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A house from the Hobbiton movie set in Waikato, used during filming for the Lord of the Rings movies. Photo: Unsplash / Oliver Spicer

Lord of the Rings TV show causing headaches for local film producers

The filming of the new Lord of the Rings television series is causing some headaches for local film producers as they struggle to find workers and studio space.

Amazon's new billion-dollar series is based in Auckland but is being filmed across the country and is set to kick off next month.

At the same time, Netflix's new live-action series Cowboy Bebop and the long awaited sequels to James Cameron's Avatar are already in the works.

But Great Southern Television chief executive Phil Smith said while the filming was a boon, it was causing some headaches. 

The local film industry was struggling to find workers or studio space amidst all of the action, he said.

"First of all it's quite a good problem to have. Having an industry in New Zealand that is so incredibly buoyant and exciting, no-one is going to be complaining about that, but clearly there's only a certain number of skilled people who can do an exceptional job and when international companies come in they want the very best, and so do we.

"So a huge market has emerged and the market is that we all want to get the best people and so we'll have to be paying the best prices and at the moment there is an undoubted shortage of both crew and studio facilities in New Zealand."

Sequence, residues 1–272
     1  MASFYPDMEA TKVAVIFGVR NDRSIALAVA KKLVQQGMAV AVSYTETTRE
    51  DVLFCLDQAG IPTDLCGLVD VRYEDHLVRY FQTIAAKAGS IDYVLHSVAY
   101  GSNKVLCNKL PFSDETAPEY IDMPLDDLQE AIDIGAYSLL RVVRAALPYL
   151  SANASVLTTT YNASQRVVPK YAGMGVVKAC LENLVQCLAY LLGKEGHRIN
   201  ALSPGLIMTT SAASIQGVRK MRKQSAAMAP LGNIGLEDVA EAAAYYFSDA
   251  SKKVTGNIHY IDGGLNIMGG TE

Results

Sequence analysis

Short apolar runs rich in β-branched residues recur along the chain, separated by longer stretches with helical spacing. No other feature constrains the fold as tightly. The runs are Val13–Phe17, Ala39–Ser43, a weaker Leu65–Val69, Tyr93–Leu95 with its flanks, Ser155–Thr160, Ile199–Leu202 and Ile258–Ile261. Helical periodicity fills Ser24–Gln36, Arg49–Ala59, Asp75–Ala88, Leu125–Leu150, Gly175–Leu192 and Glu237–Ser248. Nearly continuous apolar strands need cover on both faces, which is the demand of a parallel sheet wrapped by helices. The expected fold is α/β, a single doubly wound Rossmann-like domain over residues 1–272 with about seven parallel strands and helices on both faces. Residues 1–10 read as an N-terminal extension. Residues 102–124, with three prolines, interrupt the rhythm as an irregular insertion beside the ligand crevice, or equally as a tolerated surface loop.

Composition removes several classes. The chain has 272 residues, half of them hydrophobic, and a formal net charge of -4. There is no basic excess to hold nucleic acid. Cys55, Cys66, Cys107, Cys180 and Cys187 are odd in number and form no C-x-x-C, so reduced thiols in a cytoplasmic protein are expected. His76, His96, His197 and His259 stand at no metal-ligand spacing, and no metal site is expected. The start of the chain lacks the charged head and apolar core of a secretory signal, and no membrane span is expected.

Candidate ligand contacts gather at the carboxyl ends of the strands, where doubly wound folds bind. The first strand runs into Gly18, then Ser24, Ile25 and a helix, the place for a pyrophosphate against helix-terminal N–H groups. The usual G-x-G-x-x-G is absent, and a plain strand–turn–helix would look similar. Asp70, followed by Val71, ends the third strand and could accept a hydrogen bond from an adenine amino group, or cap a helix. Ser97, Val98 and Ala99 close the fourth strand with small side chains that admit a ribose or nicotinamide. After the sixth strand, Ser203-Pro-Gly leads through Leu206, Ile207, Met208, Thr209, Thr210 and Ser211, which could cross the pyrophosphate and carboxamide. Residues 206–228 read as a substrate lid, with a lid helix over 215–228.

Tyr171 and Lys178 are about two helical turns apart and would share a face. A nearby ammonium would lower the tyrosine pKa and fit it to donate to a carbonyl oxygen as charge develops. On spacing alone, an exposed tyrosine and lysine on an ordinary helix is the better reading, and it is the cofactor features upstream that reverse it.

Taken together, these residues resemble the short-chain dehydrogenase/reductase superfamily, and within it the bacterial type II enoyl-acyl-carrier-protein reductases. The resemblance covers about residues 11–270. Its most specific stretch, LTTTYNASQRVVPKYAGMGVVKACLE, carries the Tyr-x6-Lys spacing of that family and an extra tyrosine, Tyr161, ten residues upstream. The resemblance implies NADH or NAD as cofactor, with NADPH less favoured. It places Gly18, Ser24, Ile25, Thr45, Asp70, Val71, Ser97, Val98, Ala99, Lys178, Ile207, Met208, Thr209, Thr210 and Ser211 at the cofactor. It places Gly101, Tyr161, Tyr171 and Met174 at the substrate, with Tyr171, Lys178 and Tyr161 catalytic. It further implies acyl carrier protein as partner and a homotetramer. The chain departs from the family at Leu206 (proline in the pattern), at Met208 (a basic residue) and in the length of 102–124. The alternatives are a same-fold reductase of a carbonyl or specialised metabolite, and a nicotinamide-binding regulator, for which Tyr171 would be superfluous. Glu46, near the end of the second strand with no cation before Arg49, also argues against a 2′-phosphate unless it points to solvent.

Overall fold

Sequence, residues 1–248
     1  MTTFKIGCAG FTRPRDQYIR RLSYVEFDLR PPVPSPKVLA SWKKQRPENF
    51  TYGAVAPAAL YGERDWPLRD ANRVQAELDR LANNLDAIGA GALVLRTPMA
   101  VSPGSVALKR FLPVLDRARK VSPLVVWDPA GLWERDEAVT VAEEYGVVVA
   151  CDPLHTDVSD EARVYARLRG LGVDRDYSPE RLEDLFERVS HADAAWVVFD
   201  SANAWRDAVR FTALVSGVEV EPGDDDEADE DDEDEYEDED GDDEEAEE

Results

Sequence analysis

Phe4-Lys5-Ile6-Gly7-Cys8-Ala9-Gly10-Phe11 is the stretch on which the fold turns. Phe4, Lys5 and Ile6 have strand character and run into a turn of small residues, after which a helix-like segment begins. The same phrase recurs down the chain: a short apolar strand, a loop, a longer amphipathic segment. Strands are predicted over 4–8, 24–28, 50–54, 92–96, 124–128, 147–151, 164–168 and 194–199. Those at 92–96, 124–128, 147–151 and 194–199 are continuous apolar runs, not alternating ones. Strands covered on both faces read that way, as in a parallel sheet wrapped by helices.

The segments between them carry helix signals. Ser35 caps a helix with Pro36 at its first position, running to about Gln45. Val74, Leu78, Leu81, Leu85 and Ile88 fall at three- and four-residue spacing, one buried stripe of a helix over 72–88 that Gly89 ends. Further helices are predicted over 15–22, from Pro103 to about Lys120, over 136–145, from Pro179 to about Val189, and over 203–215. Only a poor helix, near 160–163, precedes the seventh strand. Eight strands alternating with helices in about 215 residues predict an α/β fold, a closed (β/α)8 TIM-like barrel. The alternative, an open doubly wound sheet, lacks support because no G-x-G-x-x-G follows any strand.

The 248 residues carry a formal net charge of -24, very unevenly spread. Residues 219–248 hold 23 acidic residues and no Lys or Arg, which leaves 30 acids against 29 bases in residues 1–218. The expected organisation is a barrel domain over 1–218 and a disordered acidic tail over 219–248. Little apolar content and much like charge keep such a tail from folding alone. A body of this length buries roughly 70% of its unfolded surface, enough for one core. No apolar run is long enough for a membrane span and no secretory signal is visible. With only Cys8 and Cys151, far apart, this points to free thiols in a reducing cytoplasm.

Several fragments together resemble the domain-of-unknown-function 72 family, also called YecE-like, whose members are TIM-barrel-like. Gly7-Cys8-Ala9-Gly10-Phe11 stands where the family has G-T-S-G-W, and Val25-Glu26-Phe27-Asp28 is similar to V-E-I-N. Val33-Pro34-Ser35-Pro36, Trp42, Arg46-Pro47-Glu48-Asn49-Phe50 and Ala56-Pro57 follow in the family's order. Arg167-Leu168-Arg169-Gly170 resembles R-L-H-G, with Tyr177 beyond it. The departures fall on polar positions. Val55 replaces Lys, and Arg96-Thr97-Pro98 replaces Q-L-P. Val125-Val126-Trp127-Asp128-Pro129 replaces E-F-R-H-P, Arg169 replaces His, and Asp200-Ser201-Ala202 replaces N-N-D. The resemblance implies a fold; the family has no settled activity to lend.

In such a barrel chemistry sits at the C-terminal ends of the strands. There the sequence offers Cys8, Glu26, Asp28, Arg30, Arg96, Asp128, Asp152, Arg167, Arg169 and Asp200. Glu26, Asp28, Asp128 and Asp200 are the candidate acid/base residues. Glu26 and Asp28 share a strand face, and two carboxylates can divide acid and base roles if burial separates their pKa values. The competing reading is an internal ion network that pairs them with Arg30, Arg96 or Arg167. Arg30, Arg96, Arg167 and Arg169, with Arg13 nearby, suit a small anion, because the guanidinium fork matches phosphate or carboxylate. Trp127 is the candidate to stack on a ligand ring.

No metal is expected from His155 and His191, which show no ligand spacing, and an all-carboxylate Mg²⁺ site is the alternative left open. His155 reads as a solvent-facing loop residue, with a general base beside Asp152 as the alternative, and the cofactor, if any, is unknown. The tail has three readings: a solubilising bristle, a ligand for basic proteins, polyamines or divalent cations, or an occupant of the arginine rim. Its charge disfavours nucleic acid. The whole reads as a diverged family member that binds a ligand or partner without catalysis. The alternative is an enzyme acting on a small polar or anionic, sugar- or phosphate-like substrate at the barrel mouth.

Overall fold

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He said the country needed more studio facilities.

With so many people consuming stories via television or movies - a trend that was growing - it was important for New Zealand to plan for the future, Smith said.

"We are simply going to have to build more studios and train more people."

Tax breaks and industry-friendly industrial relations laws were a boon, too, he said.

"New Zealand is very attractive to offshore broadcasters. So when broadcasters look at a budget and ... for example a project is a $10 million project, then as New Zealand producers we can walk in and only ask for $6 million because $4 million will come out of the tax break."

However, we were "merely being competitive", he said.

Other countries like Romania, South Africa, Argentina and Australia offered the same tax incentives.

But because the industry was set to be "healthy into the future", Smith said we should "invest and train people because when the Americans come here, the one thing they know they are going to get is first class crew".

"So we need to be training more people into the industry, have more initiatives right from directors, writing, everything associated with a crew."

Cast members announced

Today, Amazon Studios announced the first group of series regulars set to star in the show.

Newly revealed cast members including Robert Aramayo, Owain Arthur, Nazanin Boniadi, Tom Budge, Morfydd Clark, Ismael Cruz Córdova, Ema Horvath, Markella Kavenagh, Joseph Mawle, Tyroe Muhafidin, Sophia Nomvete, Megan Richards, Dylan Smith, Charlie Vickers, and Daniel Weyman.

This article was first published on Radio NZ.